They've made 23 coin flips. They've issued a five-page release detailing what happens if the season ends Sunday and the Marlins and Phillies tie, or the Cubs and Astros tie, or the Red Sox and Mariners tie.
So you can't say Major League Baseball isn't ready for many different kinds of scenarios next week if 162 games aren't enough to settle who makes the playoffs. But some of those scenarios would make us all grateful that Prilosec is now sold over the counter.
What happens, for instance, if the Cubs, Astros, Marlins and Phillies all have the same record? You don't want to know.
Three days' worth of tiebreaker games. That's what happens. Here is how that would go, according to Rob Manfred of the commissioner's office:
DAY ONE -- The Cubs play the Astros in Chicago to decide the NL Central. Winner advances. Loser enters the wild-card tiebreaker playoff.
DAY TWO -- Two of the three remaining teams play. Who plays where still depends on the outcome of the Phillies-Marlins series. (Again, don't ask.) But assuming current records against each other don't change significantly, if the three teams left are the Phillies, Marlins and Cubs, the Marlins would get to choose if they want to play one road game or two home games to determine their fate. If it's the Phillies, Marlins and Astros, the Astros would get that choice. At any rate, two of those three would play -- somewhere.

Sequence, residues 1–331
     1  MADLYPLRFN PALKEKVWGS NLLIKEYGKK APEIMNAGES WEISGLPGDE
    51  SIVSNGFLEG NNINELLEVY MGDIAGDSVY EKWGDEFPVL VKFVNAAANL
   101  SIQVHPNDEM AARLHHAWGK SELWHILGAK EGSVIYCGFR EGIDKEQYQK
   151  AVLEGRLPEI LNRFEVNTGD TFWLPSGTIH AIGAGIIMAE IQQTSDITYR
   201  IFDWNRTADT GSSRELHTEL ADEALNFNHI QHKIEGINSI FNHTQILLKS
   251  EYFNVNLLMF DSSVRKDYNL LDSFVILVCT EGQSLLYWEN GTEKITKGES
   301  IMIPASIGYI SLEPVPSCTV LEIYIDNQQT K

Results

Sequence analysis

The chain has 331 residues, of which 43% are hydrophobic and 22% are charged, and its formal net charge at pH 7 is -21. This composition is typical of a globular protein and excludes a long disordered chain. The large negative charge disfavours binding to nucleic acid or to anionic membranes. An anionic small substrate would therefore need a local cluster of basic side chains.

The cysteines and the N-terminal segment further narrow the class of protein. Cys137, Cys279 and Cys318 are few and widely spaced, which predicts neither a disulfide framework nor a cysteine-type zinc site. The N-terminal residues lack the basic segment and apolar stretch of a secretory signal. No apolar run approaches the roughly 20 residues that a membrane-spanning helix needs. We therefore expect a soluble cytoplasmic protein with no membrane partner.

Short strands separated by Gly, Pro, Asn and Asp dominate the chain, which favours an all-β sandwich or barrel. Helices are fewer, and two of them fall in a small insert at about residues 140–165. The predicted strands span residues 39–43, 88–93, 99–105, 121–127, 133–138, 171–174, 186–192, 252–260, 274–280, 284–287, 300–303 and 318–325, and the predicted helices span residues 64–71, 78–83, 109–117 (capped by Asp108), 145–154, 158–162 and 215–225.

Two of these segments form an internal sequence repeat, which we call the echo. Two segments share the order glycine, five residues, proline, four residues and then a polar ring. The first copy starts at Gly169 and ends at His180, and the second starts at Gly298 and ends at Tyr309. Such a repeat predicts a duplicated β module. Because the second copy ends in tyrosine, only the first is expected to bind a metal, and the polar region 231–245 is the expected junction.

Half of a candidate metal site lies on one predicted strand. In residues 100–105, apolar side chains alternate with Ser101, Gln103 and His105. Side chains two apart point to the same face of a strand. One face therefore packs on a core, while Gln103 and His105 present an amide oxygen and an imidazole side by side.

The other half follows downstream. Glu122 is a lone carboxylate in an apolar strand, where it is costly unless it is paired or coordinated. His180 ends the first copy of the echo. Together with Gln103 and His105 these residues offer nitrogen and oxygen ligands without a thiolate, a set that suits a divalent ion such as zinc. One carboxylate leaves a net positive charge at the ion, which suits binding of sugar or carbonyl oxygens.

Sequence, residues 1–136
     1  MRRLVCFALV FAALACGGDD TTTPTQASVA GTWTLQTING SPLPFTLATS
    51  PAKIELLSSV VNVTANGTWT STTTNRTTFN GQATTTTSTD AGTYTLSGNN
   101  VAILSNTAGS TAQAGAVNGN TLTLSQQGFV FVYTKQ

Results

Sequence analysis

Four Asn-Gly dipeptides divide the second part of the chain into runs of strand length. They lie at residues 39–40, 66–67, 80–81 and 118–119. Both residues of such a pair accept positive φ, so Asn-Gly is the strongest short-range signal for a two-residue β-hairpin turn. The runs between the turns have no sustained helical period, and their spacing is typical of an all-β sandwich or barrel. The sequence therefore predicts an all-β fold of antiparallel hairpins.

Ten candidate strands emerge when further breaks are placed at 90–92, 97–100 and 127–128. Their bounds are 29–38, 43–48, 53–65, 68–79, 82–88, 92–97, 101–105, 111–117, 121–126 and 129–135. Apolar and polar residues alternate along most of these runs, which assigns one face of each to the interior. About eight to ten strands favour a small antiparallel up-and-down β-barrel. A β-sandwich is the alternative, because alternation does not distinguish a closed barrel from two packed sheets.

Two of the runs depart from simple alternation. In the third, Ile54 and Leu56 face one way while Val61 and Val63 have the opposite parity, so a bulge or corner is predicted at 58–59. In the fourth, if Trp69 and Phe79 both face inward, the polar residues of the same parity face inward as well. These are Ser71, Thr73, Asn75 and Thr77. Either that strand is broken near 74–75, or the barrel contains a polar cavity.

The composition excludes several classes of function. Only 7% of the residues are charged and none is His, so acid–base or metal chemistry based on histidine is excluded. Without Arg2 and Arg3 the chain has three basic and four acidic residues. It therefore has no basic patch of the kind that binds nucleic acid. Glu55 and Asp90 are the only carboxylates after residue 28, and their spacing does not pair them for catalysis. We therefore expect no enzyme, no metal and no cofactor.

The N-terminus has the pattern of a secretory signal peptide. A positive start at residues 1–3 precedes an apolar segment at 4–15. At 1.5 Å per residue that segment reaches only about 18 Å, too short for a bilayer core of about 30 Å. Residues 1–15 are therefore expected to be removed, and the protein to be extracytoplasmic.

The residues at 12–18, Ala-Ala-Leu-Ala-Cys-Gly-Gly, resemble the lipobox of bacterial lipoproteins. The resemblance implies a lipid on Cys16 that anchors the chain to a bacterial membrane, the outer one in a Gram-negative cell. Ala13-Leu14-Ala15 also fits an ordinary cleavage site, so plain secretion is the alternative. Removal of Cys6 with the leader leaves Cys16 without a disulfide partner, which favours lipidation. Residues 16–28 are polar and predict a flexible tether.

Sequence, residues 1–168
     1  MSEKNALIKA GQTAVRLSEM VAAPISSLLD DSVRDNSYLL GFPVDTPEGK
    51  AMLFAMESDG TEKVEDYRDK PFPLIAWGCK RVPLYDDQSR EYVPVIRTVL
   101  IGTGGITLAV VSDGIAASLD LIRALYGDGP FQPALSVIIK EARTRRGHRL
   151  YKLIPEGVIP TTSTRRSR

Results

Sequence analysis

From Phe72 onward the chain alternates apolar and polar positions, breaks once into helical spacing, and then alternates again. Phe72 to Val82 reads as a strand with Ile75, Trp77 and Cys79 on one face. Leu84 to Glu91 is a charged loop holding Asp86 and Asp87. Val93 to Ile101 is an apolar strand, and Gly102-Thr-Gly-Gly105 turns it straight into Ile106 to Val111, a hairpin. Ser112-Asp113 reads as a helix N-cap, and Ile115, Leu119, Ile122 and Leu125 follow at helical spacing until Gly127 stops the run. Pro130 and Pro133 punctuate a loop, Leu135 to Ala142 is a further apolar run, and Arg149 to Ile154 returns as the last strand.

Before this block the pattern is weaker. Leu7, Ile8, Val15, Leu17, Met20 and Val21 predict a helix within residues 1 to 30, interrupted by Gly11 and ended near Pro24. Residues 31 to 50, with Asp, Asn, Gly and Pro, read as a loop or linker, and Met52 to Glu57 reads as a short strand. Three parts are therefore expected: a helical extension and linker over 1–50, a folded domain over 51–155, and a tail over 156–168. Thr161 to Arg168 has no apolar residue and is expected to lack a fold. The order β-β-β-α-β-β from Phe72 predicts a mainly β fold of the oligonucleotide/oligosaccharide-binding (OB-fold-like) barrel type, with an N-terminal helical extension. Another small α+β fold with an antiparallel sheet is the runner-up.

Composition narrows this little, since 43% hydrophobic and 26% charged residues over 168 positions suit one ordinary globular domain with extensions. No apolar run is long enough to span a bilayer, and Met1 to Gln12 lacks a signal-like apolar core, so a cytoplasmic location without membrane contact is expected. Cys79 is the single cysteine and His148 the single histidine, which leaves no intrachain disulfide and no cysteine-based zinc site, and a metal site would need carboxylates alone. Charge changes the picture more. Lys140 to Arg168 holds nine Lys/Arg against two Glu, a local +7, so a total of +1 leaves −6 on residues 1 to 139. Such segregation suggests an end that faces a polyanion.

DAY THREE -- The winner of the first wild-card game would play at home against the third team.
DAY FOUR -- Gentlemen, start your Division Series.
If the Dodgers somehow are also tied after Sunday, then you really don't want to know what happens, because MLB's current plan for a five-way tie is: Pray it doesn't happen.
But regardless, here is what this could mean, if all worst-case scenarios actually happened: The Astros could play Sunday in Houston (last game of the regular season), Monday in Chicago (NL Central playoff), Tuesday in Florida or Philadelphia (wild-card playoff), Wednesday in Houston (final wild-card playoff) and Thursday in either San Francisco or Atlanta (first game of NLDS).
Yep, that's five straight games in five days, in different cities every day. And if that happens, is it good news (they made the playoffs) or bad news (jet lag -- yes, frequent-flier miles -- no)? Aw, get back to us Thursday.
Jayson Stark is a senior writer for ESPN.com.